Southern Crossing of the Tararuas
|Kime Hut on the morning of the
2nd day of the hike
||Country: New Zealand
||Location: Tararua Forest Park
||Transport: Trains and buses to Otaki. Taxis available
to Otaki Forks and can be booked from Kaitoke to Upper Hutt where there are
trains to Wellington. There is a bus service from Masterton to Wellington that
||Trip Dates: 14 - 17 April 1995
||Special note should be made of the book 'The Tararuas' by
Chris Maclean. It is full of great photos and has many details of the history,
geology and ecology of the Tararua mountains.
The Southern Crossing is a classic tramping (hiking) route over the
peaks in the southern part of the Tararuas. It is particularly good for anyone
living in Wellington since they can stand on the quayside and know that they
have hiked over the skyline beyond the Hutt Valley. The track starts in Otaki
Forks (20 kilometres inland from Otaki) and goes for 32 kilometres to Kaitoke.
It normally takes 2-3 days but I stretched it out to 4 days by breaking the
last day at Tutuwai Hut (making 38
kilometres in all). Note that this is a sub-alpine route that climbs to a
height of 1529m and there is no shelter other than
Kime Hut between the bushlines above
Alpha Huts. Several lives have been
lost on this route (notably E. J. Kime), it should not be taken lightly. Alpine
equipment is necessary in winter conditions and crampons are handy.
This route can be done in a weekend as follows:
Friday night, walk up to Field Hut
just below the bushline (2-3 hours).
Saturday, traverse the tops to Alpha
Hut (8 tiring hours).
Sunday, follow the Marchant ridge out (8 boring hours).
I arrived in Otaki Forks at 10:00 on 14th of April 1995 having travelled
from Wellington via train and taxi. If you drive to the start of the hike in
Otaki Forks, be aware that much of the way is a single track dirt road - drive
carefully and look out for oncoming traffic. The track starts from the large
footbridge over the Waiotaura River about 5 minutes walk from the Gibbons
carpark, past the caretakers house (sign the intentions book). From the bridge
climb the narrow ridge up about 40m to a plateau of farmland. Cross the plateau
and turn right at the first fork to head up the hillside. There is a fairly
steady gradient (300m in 1 kilometre) up a clear track until the real bush
|The gravel path over Table Top
points the way to Dennan
After you enter the bush, there is good walking up a steady climb to
Tirotiro Knob which is sidled around and then
Field Hut is encountered at a height
of 866m. I arrived at the hut at 1 pm - too early to stop for the night but a
good time for a brew and break. Field
Hut has been around for more than 70 years now so have a look around inside
for the original pit-sawn timbers.
The gradient now steepens as the track climbs beyond the bushline to
Table Top (1047m) and then levels out before the climb to Dennan (1214m). There
is some serious erosion as the track nears Table Top with it embedded in a
shoulder high trench. Table Top is the northern end of a relatively flat
section of ridge forming a sensitive area of alpine wetland. The Department of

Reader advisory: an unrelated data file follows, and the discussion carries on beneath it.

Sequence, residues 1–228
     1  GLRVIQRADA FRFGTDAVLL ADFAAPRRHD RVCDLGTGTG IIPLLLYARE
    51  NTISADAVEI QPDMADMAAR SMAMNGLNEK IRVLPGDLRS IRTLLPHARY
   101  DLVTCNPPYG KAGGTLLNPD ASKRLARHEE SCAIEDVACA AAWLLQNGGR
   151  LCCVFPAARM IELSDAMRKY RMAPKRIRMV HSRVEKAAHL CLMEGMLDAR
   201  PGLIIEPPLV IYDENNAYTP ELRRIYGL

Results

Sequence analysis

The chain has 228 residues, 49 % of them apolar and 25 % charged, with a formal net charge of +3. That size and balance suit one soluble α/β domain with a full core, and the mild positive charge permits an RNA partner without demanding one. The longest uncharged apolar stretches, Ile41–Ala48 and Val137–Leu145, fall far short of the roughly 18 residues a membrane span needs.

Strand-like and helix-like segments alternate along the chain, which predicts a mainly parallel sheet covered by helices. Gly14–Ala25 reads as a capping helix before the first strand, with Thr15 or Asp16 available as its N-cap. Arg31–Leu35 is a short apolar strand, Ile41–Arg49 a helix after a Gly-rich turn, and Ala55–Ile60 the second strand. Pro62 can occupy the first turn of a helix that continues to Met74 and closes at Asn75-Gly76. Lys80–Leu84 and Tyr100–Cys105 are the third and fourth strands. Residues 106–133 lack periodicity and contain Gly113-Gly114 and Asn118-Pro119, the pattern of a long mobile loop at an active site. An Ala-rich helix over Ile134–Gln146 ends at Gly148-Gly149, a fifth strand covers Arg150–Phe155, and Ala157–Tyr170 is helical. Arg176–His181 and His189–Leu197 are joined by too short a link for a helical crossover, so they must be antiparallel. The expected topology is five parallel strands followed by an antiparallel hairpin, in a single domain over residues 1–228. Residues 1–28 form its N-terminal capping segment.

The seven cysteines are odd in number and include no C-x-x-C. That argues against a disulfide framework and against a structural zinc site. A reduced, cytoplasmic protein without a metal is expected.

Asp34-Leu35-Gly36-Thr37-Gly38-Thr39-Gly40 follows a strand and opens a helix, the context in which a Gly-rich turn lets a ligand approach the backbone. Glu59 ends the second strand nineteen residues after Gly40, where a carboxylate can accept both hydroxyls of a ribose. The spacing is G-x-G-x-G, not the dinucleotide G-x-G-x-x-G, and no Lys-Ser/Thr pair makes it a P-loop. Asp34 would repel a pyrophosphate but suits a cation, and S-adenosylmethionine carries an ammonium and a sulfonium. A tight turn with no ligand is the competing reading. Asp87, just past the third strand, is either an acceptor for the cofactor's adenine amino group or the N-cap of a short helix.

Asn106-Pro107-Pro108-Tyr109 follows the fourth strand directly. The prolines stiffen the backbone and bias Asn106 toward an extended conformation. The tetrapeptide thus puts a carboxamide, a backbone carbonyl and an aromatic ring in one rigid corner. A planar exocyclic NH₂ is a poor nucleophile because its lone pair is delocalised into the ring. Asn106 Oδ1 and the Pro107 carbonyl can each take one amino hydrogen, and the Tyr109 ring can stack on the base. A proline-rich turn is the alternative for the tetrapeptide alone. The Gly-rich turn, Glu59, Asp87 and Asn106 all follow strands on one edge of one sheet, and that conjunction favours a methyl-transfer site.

Conservation have placed a gravel path and boardwalk across the wetland from
Table Top to the base of Dennan (the peak to the right of the clouds). As the
easy climb up towards Dennan starts, there is a poled route departing to the
left (east) down a spur into Penn Creek and its hut.
The track sidles around the summit of Dennan through leatherwood shrub
land and then drops a little back to the ridge. Here I met the only bad weather
of the hike as I climbed into the clouds and a cold wind. You pass around and
over some small bumps and then ascend in earnest up the ridge to Bridge Peak
(1421m). As you near the top the track makes some good zigzags through an
On Bridge Peak, the ridge broadens out and becomes level. After about
250 metres, the track descends a bit and then rises to Hut Mound (1440m).
Kime Hut is now just below you in a
small valley with 2 tarns (this was the only water here - there is a water tank
now). On a popular long weekend like Easter, the hut can get full. When I was
there, all the sleeping platforms were full, there was a tent on the hillside
and some latecomers even slept in the entry (bootroom) to the hut.
|Looking up to Hector from Field
At dawn the next day the weather was exceptionally fine but not too hot
- perfect for the high-level walk to Alpha
Hut. The photo at the top of the page was taken at 8 am, shortly before I
set off. The day starts with a good climb up 80 metres to Field Peak (1483m)
where the views are marvellous - west over Kime Hut and Bridge Peak out to Otaki,
north to the Tararua's Main Range, east to Mt. Hector and the peaks circling
around to Alpha in the distance and south to the Hutt Valley and Wellington. I
spent a good half an hour here just drinking in the views. The track continues
with a sharp descent of 100m down to a saddle and even sharper ascent of 150m
to Mt. Hector (1529m). The saddle is a good place to admire the headwaters of
the Hector River separating you from the Tararua Main Range. The summit of Mt.
Hector has a 2 metre wooden cross as a war memorial with a small tarn 50 metres